Alcisso, Antonio, Arriola, Bernardo, Cajucom, Claudio, Dialino, Dizon, Escueta, Imperial, Martin, Martinez, Mendoza, Raso, Rosales, Sia, Venzuela

The private respondent (Daisy) received a copy of Resolution No. 258 of the Secretary of Justice downgrading the charges from murder and attempted murder to homicide and attempted homicide. She had the right to file a motion for reconsideration of the aforesaid resolution on or before June 6, 2002. it behooved the RTC to suspend the proceedings until after the Secretary of Justice had resolved such motion with finality, including the consideration of the motion of the Provincial Prosecutor for the admission of the Second Amended Information for homicide, the dismissal of Criminal Case No. 926, and the arraignment of the petitioners for homicide. It was, in fact, premature for the Provincial Prosecutor to file such motion for the admission of the Second Amended Information since the Secretary of Justice had not yet resolved the said motion; after all, he may still reconsider Resolution No. 258, which he did, effectively reversing his previous ruling and thus reverting to the original charges of murder and attempted murder. Accordingly, we rule that the trial court in a criminal case which takes cognizance of an accuseds motion for review of the resolution of the investigating prosecutor or for reinvestigation and defers the arraignment until resolution of the said motion must act on the resolution reversing the investigating prosecutors finding or on a motion to dismiss based thereon only upon proof that such resolution is already final in that no appeal was taken therefrom to the Department of Justice. In fine, the RTC acted with inordinate and precipitate haste when it granted the Provincial Prosecutors motion for the admission of the Second Amended Information for homicide, ordered the withdrawal of Criminal Case No. 926 for attempted homicide based on Resolution No. 258 of the DOJ Secretary, and arraigned the accused therein for homicide. Quoting the CA: Public respondent also erroneously found that the pendency of the motion for reconsideration, and the other reasons given, not compelling for the court to defer its action on the motion to admit. As earlier stated, Department Circular No. 70 places the duty upon the appellant and the trial prosecutor to see to it that, pending resolution of the appeal, the proceedings in court are held in abeyance. It should be considered that the motion to defer was even with the conformity of the public prosecutor and the appearance of the private prosecutors is pursuant to Section 16, Rule 110 of the 2000 Rules on Criminal Procedure, to wit: Intervention of the offended party in criminal action.Where the civil action for recovery of civil liability is instituted in the criminal action pursuant to Rule 111, the offended party may intervene by counsel in the prosecution of the offense. All these facts taken together, there appears to be an undue haste on the part of the public respondent in admitting the second amended informations for homicide and attempted homicide and ordering the arraignment of the private respondents to the said informations. As a result of the assailed Orders issued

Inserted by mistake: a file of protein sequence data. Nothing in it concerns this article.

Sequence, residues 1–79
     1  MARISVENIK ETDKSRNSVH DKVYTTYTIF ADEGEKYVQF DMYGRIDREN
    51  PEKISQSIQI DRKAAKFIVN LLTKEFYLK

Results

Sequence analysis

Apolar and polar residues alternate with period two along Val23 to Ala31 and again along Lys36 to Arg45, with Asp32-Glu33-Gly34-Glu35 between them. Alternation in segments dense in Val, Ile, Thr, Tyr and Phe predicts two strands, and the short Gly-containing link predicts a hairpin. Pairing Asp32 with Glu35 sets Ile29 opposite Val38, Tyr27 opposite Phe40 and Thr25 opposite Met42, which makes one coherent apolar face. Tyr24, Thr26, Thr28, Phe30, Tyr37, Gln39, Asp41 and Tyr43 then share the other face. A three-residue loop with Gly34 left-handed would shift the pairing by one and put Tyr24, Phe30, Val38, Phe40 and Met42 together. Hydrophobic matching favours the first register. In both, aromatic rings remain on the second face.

by public respondent, the private respondents were arraigned for homicide and attempted homicide. The DOJ cannot be stripped of his authority to act on and resolve the aforesaid motion of the private complainant on the Prosecutors insistence that the accused be arraigned on June 6, 2002. Indeed, under Section 7 of DOJ Circular No. 70, the Secretary of Justice may resolve the said motion despite the arraignment of the petitioners: SECTION 7. Action on the petition. The Secretary of Justice may dismiss the petition outright if he finds the same to be patently without merit or manifestly intended for delay, or when the issues raised therein are too unsubstantial to require consideration. If an information has been filed in court pursuant to the appealed resolution, the petition shall not be given due course if the accused had already been arraigned. Any arraignment made after the filing of the petition shall not bar the Secretary of Justice from exercising his power of review.

3. SORIANO v PEOPLE
Facts: Sometime in 2000, the Office of Special Investigation (OSI) of the Bangko Sentral ng Pilipinas (BSP), sent a letter to the Chief State Prosecutor of the DOJ. The letter attached five affidavits, which would serve as bases for filing charges for Estafa thru Falsification of Commercial Documents and violation of the DOSRI law against Hilario Soriano. These five affidavits stated that a certain couple, the spouses Carlos, appeared to have an outstanding loan of P8 million with the Rural Bank of San Miguel (Bulacan), Inc. (RBSM), but had never applied for nor received such loan and that it was petitioner, who was then president of RBSM, who had ordered, facilitated, and received the proceeds of the loan; and that the P8 million loan had never been authorized by RBSM's Board and no report thereof had ever been submitted to the BSP. The letter of the OSI, which was not subscribed under oath, ended with a request that a preliminary investigation be conducted and the corresponding criminal charges be filed against petitioner at his last known address. Petitioners filed a Motion to Quash and argued that the letter transmitted by the BSP constituted the complaint and hence was defective for failure to comply with the mandatory requirements of Section 3(a), Rule 112 of the Rules of Court, such as the statement of address of petitioner and oath and subscription. Moreover, petitioner argued that the officers of OSI, who were the signatories to the letter-complaint, were not authorized by the BSP Governor, much less by the Monetary Board, to file the complaint. The RTC denied it. They ruled that the assailed OSI letter was not the complaint-affidavit itself; thus, it need not comply with the requirements under the Rules of Court. It was but a cover letter, and merely